Saturday, March 27, 2010

We entered Homfrey Channel which is over 2400 feet deep. It is the deepest sounding in coastal North America. The 2400 foot deep water is surrounded by sheer mountains that rise over 8000 feet high. It makes one feel very small and humble to be here.
We spent several nights at Toba Wildernest. Andrea, Rowan and dog Teddy made us feel right at home. Dad/husband Kyle was in Campbell River getting supplies. Rowan is four and what a talker. She took us on a tour of the grounds and told us to be careful of the goose poop. We also got fresh prawns as a welcome gift. Yum !!

Sittin' in the mornin' sun I'll be sittin' when the evenin' come
Watching the tide roll in And then I watch 'em roll away again
I'm sittin' on the dock of the bay Wastin' time Wastin' time
JUST LIKE THE SONG................

Waterfalls. Waterfalls. Waterfalls and more Waterfalls. And the runoff has not started.

Logging is everywhere you turn. Its almost impossible to find a hillside that is not being logged or is just recovering from a recent cut. The loggers live on large boats tucked in bays and commute by helicopter.

The porpoises found us several times during the day and played in the Freyja bow wave. They are so fast and dive under the boat and run along side trying to get Freyja to go faster so they can jump higher. So fun to watch.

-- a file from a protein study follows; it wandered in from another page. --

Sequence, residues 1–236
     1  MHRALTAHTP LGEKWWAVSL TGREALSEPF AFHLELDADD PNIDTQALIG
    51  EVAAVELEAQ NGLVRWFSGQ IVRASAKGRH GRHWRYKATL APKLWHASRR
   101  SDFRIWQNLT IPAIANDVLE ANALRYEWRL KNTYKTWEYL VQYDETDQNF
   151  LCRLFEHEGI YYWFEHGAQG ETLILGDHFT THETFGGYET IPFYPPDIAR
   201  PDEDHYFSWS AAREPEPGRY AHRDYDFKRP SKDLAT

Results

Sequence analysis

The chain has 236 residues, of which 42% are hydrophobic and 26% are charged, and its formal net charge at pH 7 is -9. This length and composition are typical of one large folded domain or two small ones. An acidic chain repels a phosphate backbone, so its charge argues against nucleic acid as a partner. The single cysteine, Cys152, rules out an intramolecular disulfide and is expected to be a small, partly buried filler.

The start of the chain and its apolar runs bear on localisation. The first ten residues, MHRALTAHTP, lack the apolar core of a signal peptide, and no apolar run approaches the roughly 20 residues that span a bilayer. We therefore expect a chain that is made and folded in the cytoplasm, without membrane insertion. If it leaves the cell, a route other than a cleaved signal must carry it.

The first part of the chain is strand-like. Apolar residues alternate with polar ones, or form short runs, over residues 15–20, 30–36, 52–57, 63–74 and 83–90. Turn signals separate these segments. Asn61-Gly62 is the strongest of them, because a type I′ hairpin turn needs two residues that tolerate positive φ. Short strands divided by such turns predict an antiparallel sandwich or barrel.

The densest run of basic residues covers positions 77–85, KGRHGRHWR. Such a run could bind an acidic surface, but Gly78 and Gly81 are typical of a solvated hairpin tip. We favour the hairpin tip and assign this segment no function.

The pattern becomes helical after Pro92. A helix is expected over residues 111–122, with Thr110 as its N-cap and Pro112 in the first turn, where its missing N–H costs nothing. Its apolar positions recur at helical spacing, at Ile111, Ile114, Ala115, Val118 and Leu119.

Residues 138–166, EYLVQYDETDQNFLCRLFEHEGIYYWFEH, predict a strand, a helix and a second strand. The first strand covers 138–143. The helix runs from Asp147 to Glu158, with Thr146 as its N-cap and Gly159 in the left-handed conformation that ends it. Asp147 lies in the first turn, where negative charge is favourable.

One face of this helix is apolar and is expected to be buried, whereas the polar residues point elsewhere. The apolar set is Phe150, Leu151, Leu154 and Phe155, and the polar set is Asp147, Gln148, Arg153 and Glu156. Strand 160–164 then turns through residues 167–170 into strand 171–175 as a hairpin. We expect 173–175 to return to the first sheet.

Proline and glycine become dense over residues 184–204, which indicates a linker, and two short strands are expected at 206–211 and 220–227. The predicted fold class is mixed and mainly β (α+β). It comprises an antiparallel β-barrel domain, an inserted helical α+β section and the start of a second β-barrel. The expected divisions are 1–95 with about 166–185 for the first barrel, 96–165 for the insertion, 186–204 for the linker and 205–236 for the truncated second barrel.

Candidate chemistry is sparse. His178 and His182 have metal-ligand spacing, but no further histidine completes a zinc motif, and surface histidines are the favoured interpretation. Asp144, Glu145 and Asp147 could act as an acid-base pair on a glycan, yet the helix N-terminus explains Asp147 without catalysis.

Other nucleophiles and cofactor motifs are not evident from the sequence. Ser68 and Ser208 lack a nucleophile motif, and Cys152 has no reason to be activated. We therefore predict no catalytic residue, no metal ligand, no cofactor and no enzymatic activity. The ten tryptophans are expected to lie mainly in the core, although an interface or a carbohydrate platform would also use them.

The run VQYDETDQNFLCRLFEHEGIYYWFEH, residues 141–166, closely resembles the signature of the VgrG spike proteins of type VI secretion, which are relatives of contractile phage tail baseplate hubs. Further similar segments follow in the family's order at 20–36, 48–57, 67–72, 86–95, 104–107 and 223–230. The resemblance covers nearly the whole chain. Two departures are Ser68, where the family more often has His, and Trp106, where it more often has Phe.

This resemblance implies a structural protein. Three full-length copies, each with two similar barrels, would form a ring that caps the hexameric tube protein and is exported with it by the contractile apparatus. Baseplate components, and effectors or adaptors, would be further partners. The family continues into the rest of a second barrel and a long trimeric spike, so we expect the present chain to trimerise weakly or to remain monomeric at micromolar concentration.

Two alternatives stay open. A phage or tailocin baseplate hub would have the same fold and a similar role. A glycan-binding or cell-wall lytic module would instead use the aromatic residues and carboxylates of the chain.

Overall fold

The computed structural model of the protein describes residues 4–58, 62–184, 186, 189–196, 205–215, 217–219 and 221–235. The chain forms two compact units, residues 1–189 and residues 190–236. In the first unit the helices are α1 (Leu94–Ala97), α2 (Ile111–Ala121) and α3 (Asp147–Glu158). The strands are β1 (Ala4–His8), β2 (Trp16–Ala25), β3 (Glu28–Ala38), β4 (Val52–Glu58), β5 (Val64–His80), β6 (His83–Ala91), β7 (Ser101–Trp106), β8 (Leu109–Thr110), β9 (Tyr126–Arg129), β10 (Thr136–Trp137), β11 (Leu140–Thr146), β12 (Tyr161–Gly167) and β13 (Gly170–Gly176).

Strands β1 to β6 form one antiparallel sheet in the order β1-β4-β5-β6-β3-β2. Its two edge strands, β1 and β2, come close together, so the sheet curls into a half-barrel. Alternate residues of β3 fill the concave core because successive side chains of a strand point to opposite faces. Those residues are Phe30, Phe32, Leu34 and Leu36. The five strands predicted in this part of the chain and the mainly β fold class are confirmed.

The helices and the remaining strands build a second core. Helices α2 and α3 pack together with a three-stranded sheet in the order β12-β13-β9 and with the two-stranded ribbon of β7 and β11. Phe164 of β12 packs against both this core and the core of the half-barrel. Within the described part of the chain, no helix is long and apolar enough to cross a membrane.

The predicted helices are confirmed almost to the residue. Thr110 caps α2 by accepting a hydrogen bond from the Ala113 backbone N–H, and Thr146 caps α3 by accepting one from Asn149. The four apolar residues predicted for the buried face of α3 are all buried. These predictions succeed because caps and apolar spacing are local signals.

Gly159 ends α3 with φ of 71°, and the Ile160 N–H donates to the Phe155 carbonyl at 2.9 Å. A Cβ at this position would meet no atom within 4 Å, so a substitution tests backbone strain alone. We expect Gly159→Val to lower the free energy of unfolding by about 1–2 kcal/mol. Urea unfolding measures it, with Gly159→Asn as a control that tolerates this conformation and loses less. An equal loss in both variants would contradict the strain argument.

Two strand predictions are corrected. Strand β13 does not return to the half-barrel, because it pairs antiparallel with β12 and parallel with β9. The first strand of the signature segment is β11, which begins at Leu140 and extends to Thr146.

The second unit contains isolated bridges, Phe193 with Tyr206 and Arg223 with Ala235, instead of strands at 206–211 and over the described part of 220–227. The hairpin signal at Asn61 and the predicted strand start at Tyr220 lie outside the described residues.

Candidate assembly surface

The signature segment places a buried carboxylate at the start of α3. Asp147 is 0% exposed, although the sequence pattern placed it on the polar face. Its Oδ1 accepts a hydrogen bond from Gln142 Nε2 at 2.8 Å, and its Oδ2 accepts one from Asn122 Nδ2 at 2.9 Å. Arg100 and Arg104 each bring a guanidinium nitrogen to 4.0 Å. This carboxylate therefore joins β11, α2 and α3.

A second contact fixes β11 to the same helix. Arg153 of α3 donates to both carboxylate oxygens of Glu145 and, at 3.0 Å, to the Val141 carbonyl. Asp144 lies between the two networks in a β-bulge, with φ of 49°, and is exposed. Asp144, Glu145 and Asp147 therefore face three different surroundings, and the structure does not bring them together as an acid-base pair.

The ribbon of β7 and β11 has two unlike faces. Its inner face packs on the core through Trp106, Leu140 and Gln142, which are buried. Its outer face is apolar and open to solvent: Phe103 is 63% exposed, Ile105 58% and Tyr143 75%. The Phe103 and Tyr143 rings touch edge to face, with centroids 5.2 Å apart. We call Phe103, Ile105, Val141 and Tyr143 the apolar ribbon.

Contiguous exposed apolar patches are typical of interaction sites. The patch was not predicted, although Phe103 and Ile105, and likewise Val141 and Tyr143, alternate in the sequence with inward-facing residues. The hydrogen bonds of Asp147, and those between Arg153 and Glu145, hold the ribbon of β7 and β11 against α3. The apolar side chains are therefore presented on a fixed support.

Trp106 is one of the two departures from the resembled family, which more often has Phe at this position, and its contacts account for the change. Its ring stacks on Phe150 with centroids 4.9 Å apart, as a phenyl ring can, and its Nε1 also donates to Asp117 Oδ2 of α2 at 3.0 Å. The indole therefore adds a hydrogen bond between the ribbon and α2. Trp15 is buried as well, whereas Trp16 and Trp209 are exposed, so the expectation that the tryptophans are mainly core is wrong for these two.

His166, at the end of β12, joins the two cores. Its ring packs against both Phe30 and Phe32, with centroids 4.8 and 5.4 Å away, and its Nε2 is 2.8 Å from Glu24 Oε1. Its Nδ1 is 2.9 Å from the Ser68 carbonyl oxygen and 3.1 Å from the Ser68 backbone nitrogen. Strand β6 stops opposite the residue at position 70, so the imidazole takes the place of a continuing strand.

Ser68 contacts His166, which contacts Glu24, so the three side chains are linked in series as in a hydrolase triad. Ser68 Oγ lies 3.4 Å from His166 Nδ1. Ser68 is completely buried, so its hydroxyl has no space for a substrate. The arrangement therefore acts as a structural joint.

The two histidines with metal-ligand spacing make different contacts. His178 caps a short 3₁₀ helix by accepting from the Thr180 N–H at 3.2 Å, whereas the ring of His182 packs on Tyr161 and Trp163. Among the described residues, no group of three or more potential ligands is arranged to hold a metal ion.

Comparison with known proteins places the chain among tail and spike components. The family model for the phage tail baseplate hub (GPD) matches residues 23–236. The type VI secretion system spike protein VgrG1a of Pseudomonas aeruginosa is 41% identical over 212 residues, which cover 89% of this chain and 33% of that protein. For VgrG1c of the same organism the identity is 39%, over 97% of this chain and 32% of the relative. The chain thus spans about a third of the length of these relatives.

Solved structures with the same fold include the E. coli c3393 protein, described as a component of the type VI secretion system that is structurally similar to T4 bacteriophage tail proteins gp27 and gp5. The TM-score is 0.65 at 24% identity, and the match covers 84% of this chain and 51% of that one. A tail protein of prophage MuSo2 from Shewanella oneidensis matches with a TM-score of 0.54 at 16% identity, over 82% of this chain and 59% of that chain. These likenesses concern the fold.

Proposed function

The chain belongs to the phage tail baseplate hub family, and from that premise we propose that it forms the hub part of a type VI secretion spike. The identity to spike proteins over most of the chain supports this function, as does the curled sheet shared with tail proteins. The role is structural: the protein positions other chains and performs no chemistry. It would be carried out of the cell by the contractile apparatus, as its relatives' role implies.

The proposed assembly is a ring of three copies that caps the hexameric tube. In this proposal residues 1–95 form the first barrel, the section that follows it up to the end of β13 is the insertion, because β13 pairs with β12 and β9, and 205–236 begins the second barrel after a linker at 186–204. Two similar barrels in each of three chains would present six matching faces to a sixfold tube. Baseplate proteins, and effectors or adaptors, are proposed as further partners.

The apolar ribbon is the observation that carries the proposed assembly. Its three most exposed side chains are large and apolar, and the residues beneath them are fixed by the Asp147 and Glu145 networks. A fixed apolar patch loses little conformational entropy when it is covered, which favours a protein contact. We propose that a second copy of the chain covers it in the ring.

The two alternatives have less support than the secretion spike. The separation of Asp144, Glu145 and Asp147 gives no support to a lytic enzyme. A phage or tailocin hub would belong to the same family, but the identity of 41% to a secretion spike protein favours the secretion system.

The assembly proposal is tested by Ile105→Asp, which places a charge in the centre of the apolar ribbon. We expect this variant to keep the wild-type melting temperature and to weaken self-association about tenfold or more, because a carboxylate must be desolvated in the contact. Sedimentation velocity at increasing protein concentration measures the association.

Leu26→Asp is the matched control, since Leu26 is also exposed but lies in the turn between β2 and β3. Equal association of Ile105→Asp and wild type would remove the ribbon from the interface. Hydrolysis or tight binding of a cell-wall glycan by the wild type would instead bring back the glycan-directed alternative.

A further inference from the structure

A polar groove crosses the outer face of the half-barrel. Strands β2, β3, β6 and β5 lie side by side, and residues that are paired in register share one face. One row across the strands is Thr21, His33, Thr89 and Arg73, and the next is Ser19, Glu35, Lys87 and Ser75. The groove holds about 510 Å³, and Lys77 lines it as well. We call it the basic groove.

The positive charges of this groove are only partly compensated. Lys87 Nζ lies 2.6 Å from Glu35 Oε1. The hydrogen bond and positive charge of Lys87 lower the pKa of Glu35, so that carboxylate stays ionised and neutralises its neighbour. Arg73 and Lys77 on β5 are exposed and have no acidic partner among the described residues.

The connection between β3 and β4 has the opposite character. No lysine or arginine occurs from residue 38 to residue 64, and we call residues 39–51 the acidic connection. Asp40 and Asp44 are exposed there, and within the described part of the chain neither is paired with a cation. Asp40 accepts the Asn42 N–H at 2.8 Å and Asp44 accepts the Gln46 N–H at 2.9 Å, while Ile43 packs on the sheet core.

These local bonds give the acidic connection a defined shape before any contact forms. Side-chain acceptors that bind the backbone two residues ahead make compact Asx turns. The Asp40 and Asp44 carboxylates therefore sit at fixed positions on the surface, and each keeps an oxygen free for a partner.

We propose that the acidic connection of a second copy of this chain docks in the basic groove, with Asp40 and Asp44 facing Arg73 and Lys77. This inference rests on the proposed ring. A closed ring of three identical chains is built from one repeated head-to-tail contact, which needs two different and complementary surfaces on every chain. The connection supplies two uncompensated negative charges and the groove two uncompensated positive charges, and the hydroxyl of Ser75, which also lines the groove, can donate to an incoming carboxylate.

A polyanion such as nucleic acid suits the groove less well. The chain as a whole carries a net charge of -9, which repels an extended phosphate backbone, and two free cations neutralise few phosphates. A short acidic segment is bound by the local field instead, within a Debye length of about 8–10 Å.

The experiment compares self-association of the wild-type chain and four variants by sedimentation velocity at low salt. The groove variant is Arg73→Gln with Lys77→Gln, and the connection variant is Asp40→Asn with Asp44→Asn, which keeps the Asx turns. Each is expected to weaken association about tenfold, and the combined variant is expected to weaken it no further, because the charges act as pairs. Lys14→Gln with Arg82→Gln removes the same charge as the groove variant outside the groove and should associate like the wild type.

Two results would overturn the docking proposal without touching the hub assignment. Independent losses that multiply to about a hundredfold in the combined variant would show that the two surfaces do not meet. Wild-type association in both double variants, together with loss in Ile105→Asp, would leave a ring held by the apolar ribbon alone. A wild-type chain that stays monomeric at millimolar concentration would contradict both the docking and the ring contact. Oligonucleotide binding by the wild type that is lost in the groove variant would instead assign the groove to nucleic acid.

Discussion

Mornings are the favorite times. Mostly very calm water and heavy clouds and fog.
Freyja tucked in safe and sound at Gorge Harbor for a few days. 40-45 knot winds and rain. Think we will just tie up, connect to power, pop some corn and do movies.

Monday, March 22, 2010

Left Nanaimo in awesome weather. Wind was less than 10 knots and the sun was shining. Took about 3 1/2 hours to cross the Strait of Georgia. This is big water for us. We crossed here in January on the way back from Chatterbox Falls. The waves then were over six foot ~ today we had a ripple on the water. One night in Secret Cove where we caught one crab. We definately are not getting full of crab at this rate.
We ducked into Powell River for two nights as the weather was calling for 30-40 knot winds. We were right by the ferry dock and were entertained by watching the ferrys come and go. Powell River was once home to the worlds largest pulp and paper mill. It produces 2,000 metric ton of paper a day. The above picture shows 10 of the old liberty ships that were sunk and are now used as a breakwater for the paper mill. Liberty ships were used to haul troops during World War II. Tugs haul sawdust into the paper mills to make paper from lumber mills in the area.

As usual we just can not describe the scenery. We take hundreds of pictures because the islands and the inlets are everywhere. They say in the summer every inlet holds many anchored boats. We are lucky. We only saw one sailboat today.
We did however have quite a treat in watching a pod of Orcas.
It was so neat watching them we almost forgot to take pictures.
Arrived in Refuge Cove just before the mailman. The mail is delivered here by plane. The name Refuge Cove sounded so quaint we went out of our way to visit. Interesting is probably the best word for this small town. We were hoping for a bit more activity but it isn't tourist season yet and the 12 residents are still in winter mode. As you can see - not much going on.